Yesterday, the Second Circuit ruled on two important issues of note for ERISA plan sponsors and plan fiduciaries.
In Thurber v. Aetna Life Insurance Co., 2013 WL 950704 (2d Cir. Mar. 13, 2013), the Court ruled that participants and beneficiaries are not required to be put on notice that:
- the plan fiduciary has reserved discretion to interpret the plan terms, and
- judicial review of these decisions will be based on an arbitrary and capricious standard of review.
Separately, the Court ruled that Aetna’s counterclaim seeking reimbursement of benefit overpayments was “appropriate equitable relief” within the meaning of ERISA Section 502(a)(3). In so ruling, the Court positioned itself with the First and Third Circuits. The Ninth Circuit continues to stand alone on this issue in concluding that these types of claims do not seek “appropriate equitable relief.” Interestingly, the Court closed its opinion by stating: “We note in closing that the distinction between claims based in law and those sounding in equity is often fine. In close cases, our inclination is to favor judicial efficiency by allowing ERISA insurers to bring responsive claims in ongoing federal actions, rather than forcing the parties to litigate two actions, one in federal court and one in state court, unnecessarily.”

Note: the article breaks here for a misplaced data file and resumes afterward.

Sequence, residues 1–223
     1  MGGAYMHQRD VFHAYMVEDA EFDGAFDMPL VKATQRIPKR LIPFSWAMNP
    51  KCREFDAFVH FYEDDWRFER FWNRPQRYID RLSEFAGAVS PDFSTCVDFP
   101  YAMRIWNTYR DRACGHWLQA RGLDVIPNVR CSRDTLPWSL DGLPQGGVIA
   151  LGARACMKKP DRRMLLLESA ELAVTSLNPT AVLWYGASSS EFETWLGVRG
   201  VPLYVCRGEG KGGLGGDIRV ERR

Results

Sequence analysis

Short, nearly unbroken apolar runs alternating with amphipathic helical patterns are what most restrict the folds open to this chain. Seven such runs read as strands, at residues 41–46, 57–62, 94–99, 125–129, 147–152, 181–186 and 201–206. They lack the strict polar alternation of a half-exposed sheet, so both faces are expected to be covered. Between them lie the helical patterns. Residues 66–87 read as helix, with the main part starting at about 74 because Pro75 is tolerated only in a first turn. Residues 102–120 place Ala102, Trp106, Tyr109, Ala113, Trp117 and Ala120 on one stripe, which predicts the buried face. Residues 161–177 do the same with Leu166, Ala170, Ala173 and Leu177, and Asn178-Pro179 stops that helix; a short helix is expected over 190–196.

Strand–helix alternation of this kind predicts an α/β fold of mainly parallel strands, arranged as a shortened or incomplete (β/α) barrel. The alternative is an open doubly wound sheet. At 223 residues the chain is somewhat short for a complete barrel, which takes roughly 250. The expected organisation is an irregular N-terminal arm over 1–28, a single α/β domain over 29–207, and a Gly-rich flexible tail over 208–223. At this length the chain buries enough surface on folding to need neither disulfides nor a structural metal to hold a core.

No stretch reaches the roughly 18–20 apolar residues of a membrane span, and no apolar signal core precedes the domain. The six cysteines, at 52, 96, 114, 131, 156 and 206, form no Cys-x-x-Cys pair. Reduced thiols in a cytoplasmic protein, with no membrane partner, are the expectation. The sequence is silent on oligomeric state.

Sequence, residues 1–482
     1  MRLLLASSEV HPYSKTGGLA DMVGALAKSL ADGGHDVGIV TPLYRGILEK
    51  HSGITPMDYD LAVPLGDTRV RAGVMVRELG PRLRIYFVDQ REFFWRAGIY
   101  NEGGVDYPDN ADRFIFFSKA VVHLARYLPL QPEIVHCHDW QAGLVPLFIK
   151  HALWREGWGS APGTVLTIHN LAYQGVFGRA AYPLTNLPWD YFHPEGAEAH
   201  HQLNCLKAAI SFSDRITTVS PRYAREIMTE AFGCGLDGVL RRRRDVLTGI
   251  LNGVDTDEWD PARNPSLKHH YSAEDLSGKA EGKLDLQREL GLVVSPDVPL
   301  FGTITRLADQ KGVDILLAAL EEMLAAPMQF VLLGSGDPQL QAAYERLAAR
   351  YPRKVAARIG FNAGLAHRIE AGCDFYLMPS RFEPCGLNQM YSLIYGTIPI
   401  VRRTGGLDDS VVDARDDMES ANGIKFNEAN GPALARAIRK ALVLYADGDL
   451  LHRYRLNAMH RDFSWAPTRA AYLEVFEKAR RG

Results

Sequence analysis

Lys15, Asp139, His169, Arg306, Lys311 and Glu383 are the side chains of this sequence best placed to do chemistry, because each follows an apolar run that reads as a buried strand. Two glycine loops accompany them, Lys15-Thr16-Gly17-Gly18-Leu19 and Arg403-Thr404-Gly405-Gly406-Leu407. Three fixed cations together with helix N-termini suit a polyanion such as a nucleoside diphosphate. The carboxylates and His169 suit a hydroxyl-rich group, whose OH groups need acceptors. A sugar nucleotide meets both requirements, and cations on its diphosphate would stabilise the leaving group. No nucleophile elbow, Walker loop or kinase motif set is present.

It remains to be seen whether the Court’s “inclination” is an indication that it in fact will begin to take a more expansive reading of “appropriate equitable relief.”